Wu Xie was so pale . Zhang Qiling found his muddled thoughts suddenly overwhelmed by a terrible certainty that Wu Xie’s eyes wouldn’t open again; in a brief flash, he saw the macabre, smiling visage of a skeleton from the tomb overlayed on Wu Xie’s fine features. Zhang Qiling could feel his breath picking up, coming out in harsh pants as the body (bodies?) in front of him spiraled and swirled. He was shaking Wu Xie’s shoulder, almost violent in his desperation, before he even registered moving.
What if what if whatif whatifwhatifwhatif—-
Wu Xie’s eyes snapped open, taking a moment to find their focus, and Zhang Qiling felt his entire body relax, every single nerve ending sagging like a string suddenly snapped. He barely heard Wu Xie offer quiet reassurances, the sheer relief at seeing Wu Xie’s open eyes rushing loudly through his ears.
Wu Xie brought his hands up to frame Zhang Qiling’s face, soothingly swiping his fingertips through Zhang Qiling’s hair as he resituated the older man against his side. Zhang Qiling sighed, content in the knowledge that Wu Xie was alive beside him, and allowed himself to be moved. He tucked his nose against Wu Xie’s neck, nuzzling against the tendons he found there, and offered up a silent prayer of thanks for each blood vessel, each muscle, each cell that made up this glorious man. Zhang Qiling fell back asleep like this: Wu Xie’s fingers in his hair, Wu Xie’s name on his lips.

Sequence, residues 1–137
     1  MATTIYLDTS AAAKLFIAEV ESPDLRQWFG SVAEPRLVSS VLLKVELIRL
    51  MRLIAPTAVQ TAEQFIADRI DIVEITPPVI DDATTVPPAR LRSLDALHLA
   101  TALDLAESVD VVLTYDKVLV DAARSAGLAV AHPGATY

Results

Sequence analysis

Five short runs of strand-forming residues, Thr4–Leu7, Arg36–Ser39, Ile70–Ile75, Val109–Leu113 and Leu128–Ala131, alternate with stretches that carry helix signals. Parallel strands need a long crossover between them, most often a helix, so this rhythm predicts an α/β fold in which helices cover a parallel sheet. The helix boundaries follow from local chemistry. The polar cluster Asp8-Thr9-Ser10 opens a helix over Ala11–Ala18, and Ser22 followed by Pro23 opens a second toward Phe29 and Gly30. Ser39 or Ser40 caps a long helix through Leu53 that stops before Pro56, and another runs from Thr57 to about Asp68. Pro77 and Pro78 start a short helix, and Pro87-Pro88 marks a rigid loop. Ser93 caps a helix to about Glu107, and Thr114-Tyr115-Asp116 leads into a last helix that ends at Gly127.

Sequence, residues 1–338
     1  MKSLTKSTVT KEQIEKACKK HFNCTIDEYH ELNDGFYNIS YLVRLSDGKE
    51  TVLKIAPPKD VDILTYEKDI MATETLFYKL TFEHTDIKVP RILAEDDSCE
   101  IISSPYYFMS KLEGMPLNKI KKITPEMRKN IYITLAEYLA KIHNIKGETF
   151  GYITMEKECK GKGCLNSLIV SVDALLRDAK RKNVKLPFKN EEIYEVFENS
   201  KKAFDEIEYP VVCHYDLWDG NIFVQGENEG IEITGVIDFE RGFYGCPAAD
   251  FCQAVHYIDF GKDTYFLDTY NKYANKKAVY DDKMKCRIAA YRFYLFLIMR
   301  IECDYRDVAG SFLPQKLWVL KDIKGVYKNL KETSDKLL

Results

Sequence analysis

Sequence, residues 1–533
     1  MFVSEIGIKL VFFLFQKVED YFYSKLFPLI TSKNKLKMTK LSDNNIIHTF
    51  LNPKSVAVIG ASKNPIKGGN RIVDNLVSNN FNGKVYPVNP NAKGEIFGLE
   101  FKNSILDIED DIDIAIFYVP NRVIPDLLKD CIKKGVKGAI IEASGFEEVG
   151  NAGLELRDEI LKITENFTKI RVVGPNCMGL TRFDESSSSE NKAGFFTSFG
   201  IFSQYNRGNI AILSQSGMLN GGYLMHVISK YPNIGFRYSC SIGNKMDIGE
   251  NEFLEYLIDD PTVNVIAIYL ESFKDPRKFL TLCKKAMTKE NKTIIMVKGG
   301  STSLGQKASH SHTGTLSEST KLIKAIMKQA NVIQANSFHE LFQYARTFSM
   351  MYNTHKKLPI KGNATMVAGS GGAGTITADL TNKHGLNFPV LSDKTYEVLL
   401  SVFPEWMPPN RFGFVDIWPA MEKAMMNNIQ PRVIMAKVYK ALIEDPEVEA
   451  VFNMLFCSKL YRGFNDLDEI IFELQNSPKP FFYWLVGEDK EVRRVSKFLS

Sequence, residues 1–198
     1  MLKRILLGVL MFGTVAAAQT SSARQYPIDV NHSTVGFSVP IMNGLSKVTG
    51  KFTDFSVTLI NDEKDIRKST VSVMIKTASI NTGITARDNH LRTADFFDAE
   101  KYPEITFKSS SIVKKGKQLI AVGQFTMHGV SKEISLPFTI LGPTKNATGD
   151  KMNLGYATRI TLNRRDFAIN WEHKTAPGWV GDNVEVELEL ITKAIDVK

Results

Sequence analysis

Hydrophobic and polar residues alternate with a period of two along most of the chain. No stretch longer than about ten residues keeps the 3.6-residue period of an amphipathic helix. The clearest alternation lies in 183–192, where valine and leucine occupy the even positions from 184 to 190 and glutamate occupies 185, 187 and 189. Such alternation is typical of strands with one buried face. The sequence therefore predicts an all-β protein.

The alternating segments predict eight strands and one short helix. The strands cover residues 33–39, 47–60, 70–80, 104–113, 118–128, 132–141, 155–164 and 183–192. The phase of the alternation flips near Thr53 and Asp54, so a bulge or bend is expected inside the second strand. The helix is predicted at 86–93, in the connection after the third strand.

The next time Zhang Qiling awoke, it was to the entirely unwelcome sensation of someone, apparently, taking a jackhammer to his head. He was pretty sure that was the only rational explanation for the sharp pain radiating across his cranium, each wave alternating with a dull ache stabbing inwards from his eye sockets. Scrunching his eyes as tightly shut as possible, he burrowed himself deeper into Wu Xie’s neck in a futile attempt to shut out the room’s light.